Internships in Robotics

Send an email to jean-baptiste.mouret@inria.fr. More information is available from my web page.

Reactive controllers for hexapod robot

In our recent work (Cully et al., Nature, 2015 / see the video below), we demonstrated how a 6-legged robot can recover from an unforeseen damage conditions in less than 2 minutes. This novel machine learning algorithm opens many new possibilities to make robots more reliable and, overall, more adaptive.

Nevertheless, we used so far a very basic, open-loop controller (because our work was focused on the adaptation abilities). Our 6-legged robot is therefore unable to walk on rough terrains, whereas we would like our robot to behave as well as BigDog.

We recently added a 3D force sensor (OptoForce) on each foot of the robot, as well as a high-performance IMU. Now, we need to make a good use of them!

The first objective of this internship is to implement a reactive controller that makes use of these new sensor and thus improve the gait of the robot. The controller will be based on cartesian central pattern generator with sensor feedback [2].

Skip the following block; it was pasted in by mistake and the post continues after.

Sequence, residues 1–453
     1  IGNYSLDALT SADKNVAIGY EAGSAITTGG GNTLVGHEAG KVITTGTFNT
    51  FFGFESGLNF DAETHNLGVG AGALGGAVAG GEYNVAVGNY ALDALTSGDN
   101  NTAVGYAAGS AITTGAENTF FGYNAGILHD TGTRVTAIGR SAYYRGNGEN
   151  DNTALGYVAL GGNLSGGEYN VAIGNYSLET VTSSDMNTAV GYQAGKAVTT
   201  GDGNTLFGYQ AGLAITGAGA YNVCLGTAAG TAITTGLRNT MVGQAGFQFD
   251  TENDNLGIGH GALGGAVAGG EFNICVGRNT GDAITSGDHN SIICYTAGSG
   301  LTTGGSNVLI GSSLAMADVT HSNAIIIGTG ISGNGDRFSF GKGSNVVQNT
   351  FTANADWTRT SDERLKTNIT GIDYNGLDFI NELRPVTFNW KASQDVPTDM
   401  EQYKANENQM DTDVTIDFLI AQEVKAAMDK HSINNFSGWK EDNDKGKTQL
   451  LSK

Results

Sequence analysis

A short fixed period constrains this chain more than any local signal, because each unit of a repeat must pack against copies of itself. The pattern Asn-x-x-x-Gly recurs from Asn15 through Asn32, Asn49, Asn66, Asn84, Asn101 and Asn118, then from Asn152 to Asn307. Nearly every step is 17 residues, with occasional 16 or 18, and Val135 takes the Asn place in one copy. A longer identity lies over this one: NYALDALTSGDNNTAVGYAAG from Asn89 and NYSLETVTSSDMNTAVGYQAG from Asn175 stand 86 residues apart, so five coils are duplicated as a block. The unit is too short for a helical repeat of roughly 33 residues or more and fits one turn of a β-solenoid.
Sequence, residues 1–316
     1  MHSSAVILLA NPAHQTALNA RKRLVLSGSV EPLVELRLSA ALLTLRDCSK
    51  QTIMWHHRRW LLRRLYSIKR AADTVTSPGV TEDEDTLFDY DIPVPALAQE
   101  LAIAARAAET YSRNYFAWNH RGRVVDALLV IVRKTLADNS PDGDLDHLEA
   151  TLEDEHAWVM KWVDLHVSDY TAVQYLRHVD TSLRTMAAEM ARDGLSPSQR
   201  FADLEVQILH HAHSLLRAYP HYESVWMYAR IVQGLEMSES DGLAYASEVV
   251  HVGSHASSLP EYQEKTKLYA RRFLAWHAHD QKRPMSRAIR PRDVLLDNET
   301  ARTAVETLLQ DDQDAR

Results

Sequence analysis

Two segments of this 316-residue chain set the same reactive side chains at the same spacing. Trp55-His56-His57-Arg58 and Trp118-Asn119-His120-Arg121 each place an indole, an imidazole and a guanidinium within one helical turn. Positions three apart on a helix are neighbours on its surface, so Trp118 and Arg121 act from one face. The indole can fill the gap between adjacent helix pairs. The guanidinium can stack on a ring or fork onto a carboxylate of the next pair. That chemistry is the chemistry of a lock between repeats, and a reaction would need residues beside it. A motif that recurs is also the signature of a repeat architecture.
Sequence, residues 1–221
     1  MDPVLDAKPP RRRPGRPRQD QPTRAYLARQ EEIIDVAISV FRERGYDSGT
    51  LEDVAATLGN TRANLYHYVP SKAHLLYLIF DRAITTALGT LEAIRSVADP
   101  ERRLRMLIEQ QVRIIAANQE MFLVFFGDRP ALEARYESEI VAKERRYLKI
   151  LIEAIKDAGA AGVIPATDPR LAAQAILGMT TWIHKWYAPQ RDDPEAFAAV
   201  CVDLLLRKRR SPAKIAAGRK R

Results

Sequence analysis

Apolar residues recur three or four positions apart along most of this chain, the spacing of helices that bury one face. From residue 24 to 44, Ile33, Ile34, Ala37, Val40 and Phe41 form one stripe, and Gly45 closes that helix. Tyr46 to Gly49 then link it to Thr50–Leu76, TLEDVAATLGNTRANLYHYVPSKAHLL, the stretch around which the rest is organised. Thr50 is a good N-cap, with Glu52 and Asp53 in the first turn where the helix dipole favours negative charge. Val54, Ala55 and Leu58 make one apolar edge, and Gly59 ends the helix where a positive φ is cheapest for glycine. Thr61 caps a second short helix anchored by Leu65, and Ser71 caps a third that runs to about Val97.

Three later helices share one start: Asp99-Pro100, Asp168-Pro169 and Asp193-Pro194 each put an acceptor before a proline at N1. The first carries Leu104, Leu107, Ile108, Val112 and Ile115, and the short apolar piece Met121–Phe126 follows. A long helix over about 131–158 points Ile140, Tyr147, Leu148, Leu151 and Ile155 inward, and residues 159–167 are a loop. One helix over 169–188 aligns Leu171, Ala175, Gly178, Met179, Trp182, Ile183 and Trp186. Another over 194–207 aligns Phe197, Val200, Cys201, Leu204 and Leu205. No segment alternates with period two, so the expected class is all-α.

The second objective is to test how using this controller affects the "Intelligent Trial and Error Algorithm" [1], which allows our robot to learn new gaits when needed.

The successful applicant will design new experiments and new algorithms to answer these questions. He/she will have access to the facilities of the lab (two 6-legged robots, Optitrack motion capture system, etc.) and he/she will be integrated in a highly-motivated team dedicated to leveraging trial-and-error learning to make robots that can adapt to anything (see: www.resibots.eu).